The bull market has turned bearish, with employers evaluating how to evolve their business and workforce needs moving forward. What does this mean for graduates of the class of 2020? What impact will it have on rising university seniors? Let’s explore the impact on higher education, entry-level hiring, and university recruiting.
Dialing back on bringing on new entry-level talent is an unfortunate outcome of the times. Job offers received ahead of graduation may be withdrawn or delayed, according to a poll conducted by the National Association of Colleges and Employers (NACE). Undergraduates who secured summer internships are facing similar plights, with Glassdoor reporting that internship opportunities have dropped 52 percent since early March.
Students are also reassessing their options when it comes to work. According to Ivy Research Council, the pandemic has made close to half of students reconsider their job or industry preference, and nearly a third reconsider job location. Employers like Apple are recognizing and capitalizing on this trend with more fluid job requirements that open positions up to larger pools of talent: “We are fans of non-linear career paths and self-taught creators. There are no specific educational requirements, but curiosity and knowledge around building, making, and storytelling is a must.”
Thinking differently is a must right now. It will be essential for employers to strategically approach entry-level hiring and university recruiting so that they do not see a rift in their workforce in the coming months and into 2021.
Here’s how to do that:
Stay connected. While you may have had to freeze offers or cancel internships, you don’t have to pause engagement.
Our research found that nearly 2 in 3 recruiting professionals say they have been ghosted by a candidate in the past year. While current circumstances have shifted the power back to employers, losing a candidate after putting in so much time and effort to find and hire them is not in anyone’s best interest.
Keeping relationships warm will be key in building back up your workforce once you are ready. Candidate relationship management technology and text recruiting tools help you to communicate more efficiently and at scale with the personnel that were put on hold.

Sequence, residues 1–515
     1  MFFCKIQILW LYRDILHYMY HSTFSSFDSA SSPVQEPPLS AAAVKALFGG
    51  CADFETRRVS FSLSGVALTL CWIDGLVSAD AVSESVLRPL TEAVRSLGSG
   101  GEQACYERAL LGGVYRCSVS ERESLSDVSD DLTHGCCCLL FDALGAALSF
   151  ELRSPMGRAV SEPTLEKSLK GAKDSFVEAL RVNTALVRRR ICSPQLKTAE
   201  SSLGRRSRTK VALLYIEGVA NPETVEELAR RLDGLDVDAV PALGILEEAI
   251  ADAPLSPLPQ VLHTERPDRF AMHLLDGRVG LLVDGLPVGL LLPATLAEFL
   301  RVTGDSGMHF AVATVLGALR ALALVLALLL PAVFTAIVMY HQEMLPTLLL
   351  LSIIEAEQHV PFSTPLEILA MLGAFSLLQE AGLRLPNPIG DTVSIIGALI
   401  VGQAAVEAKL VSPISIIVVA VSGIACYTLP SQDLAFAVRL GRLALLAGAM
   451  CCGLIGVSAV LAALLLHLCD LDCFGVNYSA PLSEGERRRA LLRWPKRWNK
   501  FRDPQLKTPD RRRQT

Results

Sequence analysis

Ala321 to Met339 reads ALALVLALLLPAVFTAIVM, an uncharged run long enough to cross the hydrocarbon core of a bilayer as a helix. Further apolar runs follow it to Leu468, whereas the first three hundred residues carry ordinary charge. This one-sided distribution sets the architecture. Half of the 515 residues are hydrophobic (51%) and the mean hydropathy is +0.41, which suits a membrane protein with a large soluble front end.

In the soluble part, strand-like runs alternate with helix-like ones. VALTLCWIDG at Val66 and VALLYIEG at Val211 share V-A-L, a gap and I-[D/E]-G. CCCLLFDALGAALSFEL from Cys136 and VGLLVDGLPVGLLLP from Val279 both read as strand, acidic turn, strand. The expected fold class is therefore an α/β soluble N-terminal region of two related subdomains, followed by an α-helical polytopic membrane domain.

And, developing a virtual mentorship programme can help you create meaningful connections with interns that you had planned to bring on board. Deloitte UK is offering a voluntary four-week virtual mentorship in lieu of its internship programme. Students will be given a mentor and provided the opportunity to work alongside Deloitte personnel to learn about possible careers at the organisation.
Embrace virtual recruiting tools. Pre-pandemic about 3.6 percent of the U.S. employee workforce worked from home at least half the time.
These days, telecommuting and remote work has become the norm for most businesses. According to an article published by Bloomberg, “Users of Microsoft Teams soared to a new daily record of 2.7 billion meeting minutes in one day, a 200% increase from 900 million on March 16, the company said on April 9. Even amid security concerns, Zoom has gone from being used by 10 million office workers a day to more than 200 million people.”
As we march forward, it will be essential to not only work virtually but to embrace virtual recruiting and virtual hiring. Employers will need to think differently, using online networking and recruiting events to connect and initiate relationships with recent and soon-to-be graduates. Virtual career fairs enable recruiters to meet with candidates at scale. These virtual events are quite similar to those held on campus: your recruiters can share information about your company, discuss your hiring process and open positions, and answer questions from students via online chat.
Consider alternative workforce options. Thinking strategically about the talent you need now and in the future is crucial.
Some organisations may find themselves needing to rapidly hire large workforces; others may benefit from hiring temporary talent or gig workers on a contract or project basis. A gig role is a great way for newly minted graduates and students to get their foot in the door, especially in the current climate. (Here’s what we’ve learned about gig workers.)
The good news is entry-level talent is open to these types of alternative work options. Among the class of 2020 graduates, 22 percent are very likely to get a job in the gig economy to supplement their main income. And, 1 in 5 Gen Z personnel already have a “side hustle” in addition to their main job.
Are you ready to take your university recruiting strategies virtual? Check out our eBook, Keep Your Business Running with Virtual Hiring, to learn how you can kick start hiring your entry-level workforce now.
Katie Johnson is a Content Strategist who logged 13 years of experience in public relations before coming to iCIMS. Her breadth of industry experience includes technology, healthcare, education, and food and beverage. When not at work Katie can be found soaking up sun at the Jersey shore.